Sisu and Salmiakki

New York Times Sunday Magazine, October 28, 2018 — Sisu is the perfect trail name.  Here’s why.

“In January 1940, in the pages of this very magazine, a writer by the excellent name of Hudson Strode published an article with the headline “Sisu: A Word That Explains Finland.” A Finnish concept that’s tricky to translate into English with any real precision, sisu represents something like a deep well of inner fortitude. The Wikipedia entry includes links to “stiff upper lip,” “cojones” and “chutzpah,” but none of those phrases or words quite capture it. A “special kind of strong will” is the definition Strode goes with, something drawn upon by the stoic in order to persevere in the face of extreme adversity — say, winter, if you live in Lapland.

At one point in the article, Strode visits a Finnish town near the Russian border and meets the local sheriff. For sentimental reasons, this sheriff carries around a dagger, which he hands to Strode. Apparently a previous owner used the blade to fend off six attackers. “They fought for an hour,” the sheriff says. “He cut the six to pieces. I saw the finish of the fight — it was a glorious display of sisu.” Strode doesn’t record his own response, but he seems impressed. The sheriff slips the knife back into its leather holster and gazes to the east. “We shall have need of sisu,” he observes gravely, “to face what may come shortly.”

Reading about Strode’s journey — which took him to Finland at the start of World War II, only months before the Soviet invasion — I thought about my own rapidly approaching trip to the same country, for the same magazine, 79 years later. I smiled at the pleasing symmetry. Granted, my surname does not double as an active verb, not even in Italian. Also, I was going to Finland to report an article on salty licorice. But otherwise, our tasks were not dissimilar. Strode had introduced his readers to a word that explained a distant country and its underlying values. I would try to do the same, only with a really weird flavor of candy.  (It probably pairs with herring.)

There would be need of sisu to face what might come shortly.”

Sisu

Ten Glorious Days

fullsizeoutput_1c59

Hiking and Working on the Appalachian Trail and Shenandoah National Park, October 4 – 10, 2018 — Being busy beats boredom more often than not. It’s the same when work is pleasure and pleasure is work.

IMG_3067

Hike across Maryland hikers resting at the Ed Garvey shelter.

Road Scholars offers several hikes in our region.  The one in which we are normally involved is hiking legs of the Appalachian Trail (AT) in four states – Pennsylvania, Maryland, Virginia and West Virginia – in that order.  We have one more of these on schedule for this season.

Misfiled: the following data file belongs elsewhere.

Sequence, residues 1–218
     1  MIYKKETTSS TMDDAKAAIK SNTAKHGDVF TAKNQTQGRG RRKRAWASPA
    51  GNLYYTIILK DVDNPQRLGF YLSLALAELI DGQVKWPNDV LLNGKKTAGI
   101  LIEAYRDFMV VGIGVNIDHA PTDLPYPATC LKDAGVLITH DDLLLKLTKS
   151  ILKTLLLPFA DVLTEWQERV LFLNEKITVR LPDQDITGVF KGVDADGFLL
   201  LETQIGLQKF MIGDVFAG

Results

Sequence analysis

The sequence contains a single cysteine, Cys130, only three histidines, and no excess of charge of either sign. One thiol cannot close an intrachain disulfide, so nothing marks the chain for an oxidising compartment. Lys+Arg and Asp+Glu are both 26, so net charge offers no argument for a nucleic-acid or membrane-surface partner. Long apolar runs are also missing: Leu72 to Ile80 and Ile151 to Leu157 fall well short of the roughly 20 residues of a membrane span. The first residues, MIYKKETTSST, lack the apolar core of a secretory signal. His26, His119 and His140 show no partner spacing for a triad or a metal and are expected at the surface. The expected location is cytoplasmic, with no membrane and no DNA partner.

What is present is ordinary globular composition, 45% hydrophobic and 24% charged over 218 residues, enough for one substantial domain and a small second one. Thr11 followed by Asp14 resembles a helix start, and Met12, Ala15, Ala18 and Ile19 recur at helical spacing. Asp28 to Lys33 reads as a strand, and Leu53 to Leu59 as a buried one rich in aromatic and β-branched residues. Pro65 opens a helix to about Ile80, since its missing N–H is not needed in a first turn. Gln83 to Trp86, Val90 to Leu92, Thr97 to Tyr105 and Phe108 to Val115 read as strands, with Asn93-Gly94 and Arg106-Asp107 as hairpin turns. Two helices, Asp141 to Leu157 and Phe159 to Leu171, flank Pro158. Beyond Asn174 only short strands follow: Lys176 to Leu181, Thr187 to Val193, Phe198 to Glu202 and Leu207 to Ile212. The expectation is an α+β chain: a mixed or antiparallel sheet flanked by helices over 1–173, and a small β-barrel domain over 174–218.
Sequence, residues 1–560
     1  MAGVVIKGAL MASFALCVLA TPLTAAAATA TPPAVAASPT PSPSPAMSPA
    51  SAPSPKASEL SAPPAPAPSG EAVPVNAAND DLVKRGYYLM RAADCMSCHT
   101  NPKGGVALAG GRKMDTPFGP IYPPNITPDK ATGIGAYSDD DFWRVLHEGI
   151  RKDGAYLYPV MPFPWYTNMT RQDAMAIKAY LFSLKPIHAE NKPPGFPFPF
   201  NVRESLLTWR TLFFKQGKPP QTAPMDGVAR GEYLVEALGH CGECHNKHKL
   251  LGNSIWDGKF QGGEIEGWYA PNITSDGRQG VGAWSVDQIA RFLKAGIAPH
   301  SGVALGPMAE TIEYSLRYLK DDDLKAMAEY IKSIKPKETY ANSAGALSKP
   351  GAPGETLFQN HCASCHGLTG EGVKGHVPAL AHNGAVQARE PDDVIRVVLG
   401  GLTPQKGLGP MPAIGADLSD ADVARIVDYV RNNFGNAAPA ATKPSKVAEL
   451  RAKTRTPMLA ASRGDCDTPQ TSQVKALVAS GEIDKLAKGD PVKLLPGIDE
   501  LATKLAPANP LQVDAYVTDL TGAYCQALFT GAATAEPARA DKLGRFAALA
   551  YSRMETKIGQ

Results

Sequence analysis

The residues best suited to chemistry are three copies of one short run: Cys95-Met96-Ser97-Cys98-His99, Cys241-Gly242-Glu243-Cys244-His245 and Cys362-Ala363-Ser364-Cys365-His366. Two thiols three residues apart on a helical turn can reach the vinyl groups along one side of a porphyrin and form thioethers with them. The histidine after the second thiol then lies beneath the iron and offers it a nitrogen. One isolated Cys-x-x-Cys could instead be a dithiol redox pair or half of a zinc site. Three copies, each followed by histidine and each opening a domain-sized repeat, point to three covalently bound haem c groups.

The other offering is four days hiking the AT across Maryland’s 42 miles.  This is a gentle hike compared to rest of the AT with most of the miles spent running a ridgeline on an old logging road converted to trail.

We were asked to fill in for leaders who could not make it.  Good weather graced our participation and the hikers marched into Harpers Ferry in good spirits.

IMG_3076

The next day, my friend and colleague Mary Thurman, currently Blackburn Trail Center caretaker, offered to help with some trail maintenance on the AT in Shenandoah National Park.

IMG_3078

On a grossly muggy day, we weeded a couple of miles worth of trail on two sections in the North District and removed seven blowdowns, two by handsaw; the rest with a chainsaw.

The long sleeves, gloves, face shield, and buff are to protect from poison ivy which is atomized by the string trimmer.  You can feel the spray as you go.

Soon Mary will be headed for her next gig at the Grand Canyon.  I’m going to miss her. This spring my wife and I are going to celebrate my 70th birthday in Colorado with my siblings and cousins.  Mary and I plan to hike the Grand Canyon rim-to-rim on the way.

fullsizeoutput_1c61

Twelve hours later.  Here we go again.  Time for the White House Hiking Group’s planned hike up Old Rag, Shenandoah’s most popular hike – so popular that it was on Thomas Jefferson’s bucket list back in his day.

We rendezvoused literally at Zero-dark-thirty in order to get a jump on the crowds.  On a rare dry day in a rain soaked summer, you just knew people were gonna come, and they did.

IMG_3080

Dawn cracked with an unexpected overcast.  Since you hike Old Rag for the views we prepared for disappointment.  Imagine our delight, popping out of the gloomy clouds  into happy sunshine.

fullsizeoutput_1c5a

fullsizeoutput_1c5b

Obligatory horsing around photos.

IMG-0411 copy

We made it!

IMG-0432

Brick oven pizza and a brew in nearby Sperryville capped the day.

fullsizeoutput_1c6f

No rest for the wicked.  Tuesday and Wednesday brought the Road Scholars again, this time hiking the AT in four states.

fullsizeoutput_1c77fullsizeoutput_1c74

This bunch was unique – a running group from Grand Rapids, MI.  They’ve been together for decades and were a hoot!

IMG_3099

Meanwhile Sophie endured surgery to remove a cancerous cyst. The bounce is returning to her step and the prognosis is good.

Not until the heavy exercise was over, did the weather turn toward autumn.  The humidity and temps are mercifully down just in time for the Hoodlums trail crew next weekend.  See you there.

Sisu